Care As Usual (CAU) consists of the usual care that patients generally receive in primary care (and partially in secondary care) after treatment for acute depression. CAU typically consists of anti-depressant maintenance medication in primary and secondary care, or counseling in secondary care. Often, there is no treatment at all. A comparison of C-PCT with CAU is relevant from a public health perspective since it would help to demonstrate the intervention’s added value over and above CAU. We will not intervene with CAU, but monitor CAU, including type and dosage of AD use, using the TIC-P (Hakkaart-van Roijen et al., 2002).
- Primary outcomeThe primary outcome measure is the cumulative proportion of relapses/recurrences in a survival-analysis over a follow-up period of 15 months after the start of the preventive therapy as measured with the ‘Structural Interview for DSM-IV (SCID) using the Longitudinal Interval Follow-up Evaluation (LIFE), which provides a retrospective assessment of depression recurrences since the time of the last evaluation.
- Secondary outcome1. The severity of depressive symptoms as measured with the 'Inventory of Depression Symptomatology' (IDS-SR);
2. Number of relapses (SCID);
3. Anxiety (SCID);
4. Suicidal thoughts (SCID);
5. Social and interpersonal functioning (IIP);
6. Well-being, quality of life (EQ-5D);
6. Consumption of mental health care and degree of work absence (TIC P).
- TimepointsAssessment interviews will be conducted at baseline, 3, 6, 12 and 15 months after randomization.
- Trial web siteN/A
- statusplanned
- CONTACT FOR PUBLIC QUERIESProf.dr. J. Dekker
- CONTACT for SCIENTIFIC QUERIESProf.dr. J. Dekker
- Sponsor/Initiator Arkin Institute for Mental Health, University of Groningen, Clinical Psychology, VU University Medical Center, Trimbos-institute - Netherlands Institute of Mental Health and Addiction, Vrije Universiteit Amsterdam, Faculteit der Aard- en Levenswetenschappen Ontwikkelingsgenetica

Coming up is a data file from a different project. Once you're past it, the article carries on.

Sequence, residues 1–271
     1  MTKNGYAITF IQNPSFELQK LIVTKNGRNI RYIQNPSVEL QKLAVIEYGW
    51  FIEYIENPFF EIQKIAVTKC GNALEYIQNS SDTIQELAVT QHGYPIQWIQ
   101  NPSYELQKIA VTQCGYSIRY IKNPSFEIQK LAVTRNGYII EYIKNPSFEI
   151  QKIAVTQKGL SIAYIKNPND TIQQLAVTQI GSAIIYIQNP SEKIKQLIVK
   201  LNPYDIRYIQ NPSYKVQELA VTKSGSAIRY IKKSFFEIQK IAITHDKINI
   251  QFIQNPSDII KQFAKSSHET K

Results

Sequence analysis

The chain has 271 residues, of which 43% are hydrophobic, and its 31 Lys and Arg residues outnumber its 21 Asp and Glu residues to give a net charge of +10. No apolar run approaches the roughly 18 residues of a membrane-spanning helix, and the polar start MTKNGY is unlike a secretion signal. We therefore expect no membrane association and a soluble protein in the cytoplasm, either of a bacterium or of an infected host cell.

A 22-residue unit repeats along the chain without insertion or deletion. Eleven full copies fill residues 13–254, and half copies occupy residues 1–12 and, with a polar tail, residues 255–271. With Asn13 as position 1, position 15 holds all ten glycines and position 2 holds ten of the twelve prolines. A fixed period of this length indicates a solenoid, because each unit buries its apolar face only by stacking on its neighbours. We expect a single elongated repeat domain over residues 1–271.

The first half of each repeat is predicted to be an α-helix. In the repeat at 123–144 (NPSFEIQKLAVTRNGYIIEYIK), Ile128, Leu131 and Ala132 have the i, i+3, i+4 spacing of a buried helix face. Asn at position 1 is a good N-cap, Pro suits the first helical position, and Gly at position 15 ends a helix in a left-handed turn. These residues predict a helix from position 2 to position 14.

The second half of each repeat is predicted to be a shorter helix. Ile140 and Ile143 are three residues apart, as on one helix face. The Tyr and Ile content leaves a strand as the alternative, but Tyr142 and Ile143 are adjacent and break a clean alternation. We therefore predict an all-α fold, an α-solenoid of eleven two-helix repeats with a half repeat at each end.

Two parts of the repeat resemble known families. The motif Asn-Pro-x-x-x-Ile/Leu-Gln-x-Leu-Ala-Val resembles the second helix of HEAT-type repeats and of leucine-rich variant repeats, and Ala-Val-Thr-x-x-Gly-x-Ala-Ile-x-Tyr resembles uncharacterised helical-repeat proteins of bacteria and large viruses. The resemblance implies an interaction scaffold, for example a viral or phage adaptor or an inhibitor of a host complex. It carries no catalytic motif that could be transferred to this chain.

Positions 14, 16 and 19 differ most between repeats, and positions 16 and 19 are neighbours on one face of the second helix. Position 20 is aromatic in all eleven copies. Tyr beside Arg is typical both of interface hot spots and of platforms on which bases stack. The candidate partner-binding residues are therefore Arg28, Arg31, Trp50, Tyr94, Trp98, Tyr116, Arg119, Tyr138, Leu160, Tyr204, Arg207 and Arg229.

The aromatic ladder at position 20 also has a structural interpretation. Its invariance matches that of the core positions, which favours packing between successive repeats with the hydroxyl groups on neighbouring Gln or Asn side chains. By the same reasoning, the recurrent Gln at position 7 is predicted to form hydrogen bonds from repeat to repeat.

- Funding
(Source(s) of Monetary or Material Support)
ZON-MW, The Netherlands Organization for Health Research and Development
- PublicationsN/A
- Brief summaryMajor depressive disorder (MDD) is projected to rank second on a list of 15 major diseases in terms of burden and is highly recurrent in nature. Accordingly, efforts to reduce the disabling effects of this chronic condition should shift to preventing recurrence after response to a acute treatment. The best established effective psychological intervention is cognitive therapy, with indications for prophylactic effects after remission. In this study (cost-) effectiveness of Continuation preventive cognitive therapy (C-C-PCT) after response to acute CT (A-CT) will be examined in comparison with care as us usual (CAU). In a randomized controlled clinical trial we will compare two parallel groups; (1) C-PCT after A-CT versus, and (2) CAU after A-CT, with follow-ups at 3, 6, 12 and 15 months. Randomisation will be stratified for number of previous episodes and the level of residual symptoms. The study population are patients that responded to A-CT treatment with at least two previous depressive episodes. The primary outcome is cumulative person-time based incidence of depression relapse/recurrence over 15 months using DSM-IV-TR criteria as assessed by the Structural Clinical Interview for Depression. A secondary outcome measure is symptom severity as measured with the Inventory of Depressive Symptomatology (IDS-R). With 85 participants per condition, the trial has a power of 80% to detect a difference of 17,5% in the cumulative incidence rate of relapse/recurrence with a 15 months follow-up (1-tailed test, alpha=0.05). We assume that relapse/recurrence will occur in 40% of the cases. Allowing for a drop-out of 20% we need to include 214 participants in total at baseline. The economic evaluation will be conducted from a societal perspective with a time horizon of 15 months. Primary outcome measure: the number of depression-free days. Resource use and occupation-related costs will be measured using the TiC-P and PRODISQ, and will be valued using Dutch standard prices. Bootstrapping will be used to estimate the uncertainty surrounding these ratios.
- Main changes (audit trail)
- RECORD11-nov-2010 - 8-dec-2010